PI Contribution This collaboration involves: Cascade Sorte (University of California, Irvine) Regan Early (Exeter, UK) Amanda Bates (Southampton, UK) Bethany Bradley (University of Massachusetts) Montserrat Vilà (Seville) Jeffrey Diez (University of California, Riverside) Jeffrey Dukes (Purdue) Dana Blumenthal (USDA ARS Fort Collins) Jenica Allen (University of New Hapmshire) Jonathan Lenoir (Universite de Picardie) Jacquelyn Gill (University of Maine) This large collaboration involves several projects that aim to understand how the spread of invasive species may be enhanced or limited by climate change, and what the impacts of this will be on native ecosystems. My current contribution to one of the projects is in carrying out mixed model meta-analyses (statistical support).
Collaborator Contribution My partners within the meta-analysis project component of this collaboration have done literature searches and data extraction to prepare data for analysis.
Impact None yet
Start Year 2015
 
Description Invasive species and climate change 
Organisation University of Maine
Department School of Biology & Ecology
Country United States 
Sector Academic/University 
PI Contribution This collaboration involves: Cascade Sorte (University of California, Irvine) Regan Early (Exeter, UK) Amanda Bates (Southampton, UK) Bethany Bradley (University of Massachusetts) Montserrat Vilà (Seville) Jeffrey Diez (University of California, Riverside) Jeffrey Dukes (Purdue) Dana Blumenthal (USDA ARS Fort Collins) Jenica Allen (University of New Hapmshire) Jonathan Lenoir (Universite de Picardie) Jacquelyn Gill (University of Maine) This large collaboration involves several projects that aim to understand how the spread of invasive species may be enhanced or limited by climate change, and what the impacts of this will be on native ecosystems. My current contribution to one of the projects is in carrying out mixed model meta-analyses (statistical support).
Collaborator Contribution My partners within the meta-analysis project component of this collaboration have done literature searches and data extraction to prepare data for analysis.
Impact None yet
Start Year 2015
 
Description Invasive species and climate change 
Organisation University of Massachusetts
Department Department of Environmental Conservation
Country United States 
Sector Academic/University 
PI Contribution This collaboration involves: Cascade Sorte (University of California, Irvine) Regan Early (Exeter, UK) Amanda Bates (Southampton, UK) Bethany Bradley (University of Massachusetts) Montserrat Vilà (Seville) Jeffrey Diez (University of California, Riverside) Jeffrey Dukes (Purdue) Dana Blumenthal (USDA ARS Fort Collins) Jenica Allen (University of New Hapmshire) Jonathan Lenoir (Universite de Picardie) Jacquelyn Gill (University of Maine) This large collaboration involves several projects that aim to understand how the spread of invasive species may be enhanced or limited by climate change, and what the impacts of this will be on native ecosystems. My current contribution to one of the projects is in carrying out mixed model meta-analyses (statistical support).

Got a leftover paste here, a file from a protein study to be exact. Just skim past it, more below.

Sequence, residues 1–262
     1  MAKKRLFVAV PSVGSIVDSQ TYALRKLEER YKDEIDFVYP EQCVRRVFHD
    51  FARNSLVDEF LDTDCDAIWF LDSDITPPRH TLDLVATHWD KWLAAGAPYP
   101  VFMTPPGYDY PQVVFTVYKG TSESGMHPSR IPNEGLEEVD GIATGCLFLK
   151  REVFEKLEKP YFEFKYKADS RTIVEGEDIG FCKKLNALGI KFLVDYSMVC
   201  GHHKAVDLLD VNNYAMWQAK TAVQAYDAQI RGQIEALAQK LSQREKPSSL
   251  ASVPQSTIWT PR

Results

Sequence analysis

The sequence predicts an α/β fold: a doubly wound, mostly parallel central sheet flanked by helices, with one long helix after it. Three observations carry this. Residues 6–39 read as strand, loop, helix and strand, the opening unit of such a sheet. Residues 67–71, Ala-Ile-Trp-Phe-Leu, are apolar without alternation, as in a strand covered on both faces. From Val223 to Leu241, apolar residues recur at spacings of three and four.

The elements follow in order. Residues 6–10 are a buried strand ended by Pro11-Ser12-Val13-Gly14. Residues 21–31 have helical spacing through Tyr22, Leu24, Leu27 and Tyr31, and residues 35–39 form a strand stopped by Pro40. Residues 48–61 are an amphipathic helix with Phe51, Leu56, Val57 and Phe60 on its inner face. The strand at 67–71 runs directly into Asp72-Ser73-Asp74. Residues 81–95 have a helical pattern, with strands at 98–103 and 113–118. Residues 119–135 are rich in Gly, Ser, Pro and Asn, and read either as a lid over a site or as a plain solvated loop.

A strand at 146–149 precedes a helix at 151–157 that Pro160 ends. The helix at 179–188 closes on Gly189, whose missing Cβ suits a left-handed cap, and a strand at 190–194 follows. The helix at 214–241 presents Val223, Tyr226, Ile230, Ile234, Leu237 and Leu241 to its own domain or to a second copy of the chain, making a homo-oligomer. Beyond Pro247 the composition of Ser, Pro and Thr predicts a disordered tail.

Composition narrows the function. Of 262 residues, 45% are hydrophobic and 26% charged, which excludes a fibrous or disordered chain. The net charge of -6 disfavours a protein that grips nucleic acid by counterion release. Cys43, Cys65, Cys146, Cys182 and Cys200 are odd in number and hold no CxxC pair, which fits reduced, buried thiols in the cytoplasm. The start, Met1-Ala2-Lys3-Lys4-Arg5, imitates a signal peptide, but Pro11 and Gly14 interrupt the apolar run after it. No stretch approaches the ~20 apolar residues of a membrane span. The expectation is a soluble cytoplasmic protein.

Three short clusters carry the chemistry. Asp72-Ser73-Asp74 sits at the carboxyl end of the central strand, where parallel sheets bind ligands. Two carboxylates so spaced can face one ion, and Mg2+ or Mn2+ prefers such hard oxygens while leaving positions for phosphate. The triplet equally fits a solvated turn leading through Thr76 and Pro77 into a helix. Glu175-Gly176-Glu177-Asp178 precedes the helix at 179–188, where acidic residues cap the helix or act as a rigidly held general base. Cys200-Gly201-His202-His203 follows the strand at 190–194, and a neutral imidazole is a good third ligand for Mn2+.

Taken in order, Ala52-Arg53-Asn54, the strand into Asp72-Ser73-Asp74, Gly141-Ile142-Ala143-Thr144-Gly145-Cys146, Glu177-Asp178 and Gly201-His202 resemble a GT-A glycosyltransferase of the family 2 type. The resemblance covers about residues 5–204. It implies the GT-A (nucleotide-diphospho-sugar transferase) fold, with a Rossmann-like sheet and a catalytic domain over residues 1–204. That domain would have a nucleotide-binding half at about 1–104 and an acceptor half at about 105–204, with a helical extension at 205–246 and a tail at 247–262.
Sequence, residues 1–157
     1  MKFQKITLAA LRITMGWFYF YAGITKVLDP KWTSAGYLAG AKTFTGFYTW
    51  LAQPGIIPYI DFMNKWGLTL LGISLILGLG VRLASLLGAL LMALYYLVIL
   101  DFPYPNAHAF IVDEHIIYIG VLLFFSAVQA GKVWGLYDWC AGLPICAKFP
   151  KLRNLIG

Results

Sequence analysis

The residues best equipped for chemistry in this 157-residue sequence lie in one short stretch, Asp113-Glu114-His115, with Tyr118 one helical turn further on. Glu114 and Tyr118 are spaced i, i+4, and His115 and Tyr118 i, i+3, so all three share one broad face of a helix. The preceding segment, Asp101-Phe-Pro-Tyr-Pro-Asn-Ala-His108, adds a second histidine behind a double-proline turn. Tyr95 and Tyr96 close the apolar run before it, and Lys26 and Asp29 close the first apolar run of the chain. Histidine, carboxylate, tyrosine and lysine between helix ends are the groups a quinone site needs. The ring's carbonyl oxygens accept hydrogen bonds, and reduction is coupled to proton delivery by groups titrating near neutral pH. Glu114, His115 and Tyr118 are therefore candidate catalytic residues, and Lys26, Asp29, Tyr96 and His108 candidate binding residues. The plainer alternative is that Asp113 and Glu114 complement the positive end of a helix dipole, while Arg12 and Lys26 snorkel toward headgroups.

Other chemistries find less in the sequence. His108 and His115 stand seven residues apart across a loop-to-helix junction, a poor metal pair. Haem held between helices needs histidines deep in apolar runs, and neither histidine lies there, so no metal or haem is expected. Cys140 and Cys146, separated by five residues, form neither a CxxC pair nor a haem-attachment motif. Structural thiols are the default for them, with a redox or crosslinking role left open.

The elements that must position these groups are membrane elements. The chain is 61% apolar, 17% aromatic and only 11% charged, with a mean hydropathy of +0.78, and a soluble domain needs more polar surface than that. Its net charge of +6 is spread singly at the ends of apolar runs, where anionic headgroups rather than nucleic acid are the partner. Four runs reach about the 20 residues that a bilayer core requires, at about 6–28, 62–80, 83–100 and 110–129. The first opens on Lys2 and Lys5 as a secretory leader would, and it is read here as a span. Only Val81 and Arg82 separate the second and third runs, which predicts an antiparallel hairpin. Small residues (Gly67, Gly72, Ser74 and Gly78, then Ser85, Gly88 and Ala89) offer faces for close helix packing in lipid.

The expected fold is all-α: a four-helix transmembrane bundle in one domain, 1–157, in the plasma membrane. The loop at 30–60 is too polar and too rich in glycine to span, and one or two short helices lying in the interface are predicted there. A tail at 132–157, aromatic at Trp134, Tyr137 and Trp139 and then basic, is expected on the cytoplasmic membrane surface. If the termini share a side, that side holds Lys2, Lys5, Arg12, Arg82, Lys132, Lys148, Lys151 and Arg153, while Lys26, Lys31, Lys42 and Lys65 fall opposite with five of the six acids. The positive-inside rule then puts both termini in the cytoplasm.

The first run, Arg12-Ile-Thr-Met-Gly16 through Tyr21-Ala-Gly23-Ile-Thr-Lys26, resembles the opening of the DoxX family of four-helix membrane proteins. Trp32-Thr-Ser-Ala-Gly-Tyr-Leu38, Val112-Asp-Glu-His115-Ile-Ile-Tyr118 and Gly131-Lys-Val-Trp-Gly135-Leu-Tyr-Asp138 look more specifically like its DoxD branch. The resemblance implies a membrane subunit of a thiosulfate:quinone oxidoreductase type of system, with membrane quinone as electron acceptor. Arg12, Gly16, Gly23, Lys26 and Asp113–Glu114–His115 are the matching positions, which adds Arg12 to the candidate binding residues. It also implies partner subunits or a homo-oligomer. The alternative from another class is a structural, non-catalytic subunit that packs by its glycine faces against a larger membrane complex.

Collaborator Contribution My partners within the meta-analysis project component of this collaboration have done literature searches and data extraction to prepare data for analysis.
Impact None yet
Start Year 2015
 
Description Invasive species and climate change 
Organisation University of New Hampshire
Department College of Life Sciences and Agriculture
Country United States 
Sector Academic/University 
PI Contribution This collaboration involves: Cascade Sorte (University of California, Irvine) Regan Early (Exeter, UK) Amanda Bates (Southampton, UK) Bethany Bradley (University of Massachusetts) Montserrat Vilà (Seville) Jeffrey Diez (University of California, Riverside) Jeffrey Dukes (Purdue) Dana Blumenthal (USDA ARS Fort Collins) Jenica Allen (University of New Hapmshire) Jonathan Lenoir (Universite de Picardie) Jacquelyn Gill (University of Maine) This large collaboration involves several projects that aim to understand how the spread of invasive species may be enhanced or limited by climate change, and what the impacts of this will be on native ecosystems. My current contribution to one of the projects is in carrying out mixed model meta-analyses (statistical support).
Collaborator Contribution My partners within the meta-analysis project component of this collaboration have done literature searches and data extraction to prepare data for analysis.
Impact None yet
Start Year 2015
 
Description Invasive species and climate change 
Organisation University of Picardie Jules Verne
Country France 
Sector Academic/University